"Rooms": 4,
                    "Service": 4,
                    "Sleep Quality": 5,
                    "Value": 4
        "state": "California",
        "type": "hotel",         ←This is the type identifier for the document
        "url": "http://www.bacararesort.com/",
        "vacancy": true


    The application serves an HTML file named index.html (in an src/app/ folder usually contained in a root folder dedicated to frontend files, e.g. the public path in the Node.js application). This file contains references to various included script files for front side JavaScript components such as Bootstrap and jQuery. It also contains a small script snippet that bootstraps the Angular2 application, as well as an Angular loop ({{#each scripts.polyfills}}) to load polyfills (implementation of html5/web component elements that can be used as a backup if the browser doesn’t provide the corresponding feature natively).

    Angular2 works in terms of Components, and the main component that gets displayed at bootstrap is in src/app/try.component.ts. It is in charge of displaying the common elements of the single-page app, and defines Routes, determining which component to show depending on the URL. The place at which said components are shown in the html is represented by a component tag provided by the angular Router: <router-outlet></router-outlet>.

    The application is then split into several packages. Each talks to a specific subset of the REST API provided by the backend. Each package has a corresponding main Angular Component that provides the methods to interact with the API or perform work. Their corresponding views then use these methods to populate data in the application.

    The backend REST API, in its version associated with Couchbase Server 4.5 (version 2), can be found in the couchbaselabs/try-cb-frontend repository on GitHub.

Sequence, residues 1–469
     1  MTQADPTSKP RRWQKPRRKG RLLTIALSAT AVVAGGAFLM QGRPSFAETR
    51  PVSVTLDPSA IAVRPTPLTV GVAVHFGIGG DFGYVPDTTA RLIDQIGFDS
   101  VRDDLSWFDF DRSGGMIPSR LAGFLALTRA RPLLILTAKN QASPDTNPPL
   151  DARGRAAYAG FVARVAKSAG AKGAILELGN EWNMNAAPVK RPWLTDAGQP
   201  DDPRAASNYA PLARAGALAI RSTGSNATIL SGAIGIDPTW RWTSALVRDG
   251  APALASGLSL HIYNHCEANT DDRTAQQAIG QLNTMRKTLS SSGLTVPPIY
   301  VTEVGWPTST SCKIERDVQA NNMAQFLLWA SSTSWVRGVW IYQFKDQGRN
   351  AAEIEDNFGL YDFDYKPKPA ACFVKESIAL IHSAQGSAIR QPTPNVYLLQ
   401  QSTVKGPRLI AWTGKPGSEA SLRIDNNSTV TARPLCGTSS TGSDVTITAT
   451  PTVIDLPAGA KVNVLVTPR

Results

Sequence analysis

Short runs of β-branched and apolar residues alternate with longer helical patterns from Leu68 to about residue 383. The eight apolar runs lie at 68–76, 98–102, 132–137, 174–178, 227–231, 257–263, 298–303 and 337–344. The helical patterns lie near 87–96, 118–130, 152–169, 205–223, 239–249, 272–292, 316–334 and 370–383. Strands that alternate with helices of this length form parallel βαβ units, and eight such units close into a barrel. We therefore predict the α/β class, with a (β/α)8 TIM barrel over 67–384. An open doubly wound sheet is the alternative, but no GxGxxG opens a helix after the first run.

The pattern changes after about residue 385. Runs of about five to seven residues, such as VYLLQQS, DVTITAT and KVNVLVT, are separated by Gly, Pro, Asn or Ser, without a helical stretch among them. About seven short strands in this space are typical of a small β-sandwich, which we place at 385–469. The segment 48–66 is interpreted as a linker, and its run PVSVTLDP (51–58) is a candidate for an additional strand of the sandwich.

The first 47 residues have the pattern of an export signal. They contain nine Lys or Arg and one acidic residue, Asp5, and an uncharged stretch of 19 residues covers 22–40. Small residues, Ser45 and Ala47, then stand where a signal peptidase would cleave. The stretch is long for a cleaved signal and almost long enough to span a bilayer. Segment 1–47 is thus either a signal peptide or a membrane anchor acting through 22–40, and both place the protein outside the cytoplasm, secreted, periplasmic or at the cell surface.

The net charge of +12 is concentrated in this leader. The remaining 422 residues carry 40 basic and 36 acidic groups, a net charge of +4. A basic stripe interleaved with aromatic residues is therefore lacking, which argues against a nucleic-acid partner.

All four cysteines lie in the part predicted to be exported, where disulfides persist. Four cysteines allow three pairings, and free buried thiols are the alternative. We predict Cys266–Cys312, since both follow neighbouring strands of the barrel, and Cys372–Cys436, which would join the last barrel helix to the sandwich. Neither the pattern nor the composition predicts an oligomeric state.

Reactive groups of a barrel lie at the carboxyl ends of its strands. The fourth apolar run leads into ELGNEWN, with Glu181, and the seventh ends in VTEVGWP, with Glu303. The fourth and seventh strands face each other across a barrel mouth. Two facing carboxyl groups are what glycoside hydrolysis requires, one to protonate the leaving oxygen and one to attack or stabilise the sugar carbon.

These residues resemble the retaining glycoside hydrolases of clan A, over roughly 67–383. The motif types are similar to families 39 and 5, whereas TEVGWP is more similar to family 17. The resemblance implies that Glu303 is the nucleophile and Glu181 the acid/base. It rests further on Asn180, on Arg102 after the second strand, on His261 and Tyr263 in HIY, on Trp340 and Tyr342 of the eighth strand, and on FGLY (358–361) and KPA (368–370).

travel app archi
    Figure 2. The Application Services

    The Home component

    src/app/+home is the main page, dealing with flight searches. In the backend, these searches are performed using N1QL queries. It has three main methods:

    • Two at getToAirport and getFromAirport which are both REST API calls to the /api/airports REST endpoint

    • And one at findFlights, which is a REST API call to the /api/flightPaths/{to}/{from} endpoint

    travel app archi home
    Figure 3. Home Component call hierarchy

    The application attempts to find an airport based on the codes used for the name (case sensitive), and codes for Federal Aviation Administration (FAA) or International Civil Aviation Organization (ICAO). The backend method allows the user to search by FAA code, ICAO code or airport name. It then prepares a N1QL query based on the selection criteria (using bucket information from its configuration). The query is then sent to the Couchbase query service, all by using the backend’s associated SDK.

    Using the data model, if you enter SEA, KSEA, or Seattle, the typeahead directive gives you the option to select Seattle Tacoma Intl. To see the results of the query, watch the terminal window in which the application is running. The example is showing an output for the N1QL statements:

    QUERY: SELECT airportname FROM `travel-sample` WHERE faa ='SEA'
    QUERY: SELECT airportname FROM `travel-sample` WHERE icao ='KSEA'
    QUERY: SELECT airportname FROM `travel-sample` WHERE airportname LIKE 'Seattle%'

    After the airports are selected and a leave date is entered, the application tries to find route and schedule information for an airline that services the requested flight path. The call to the REST API /api/flightPaths/{to}/{from} on the server is initiated when the user clicks the Find Flights button.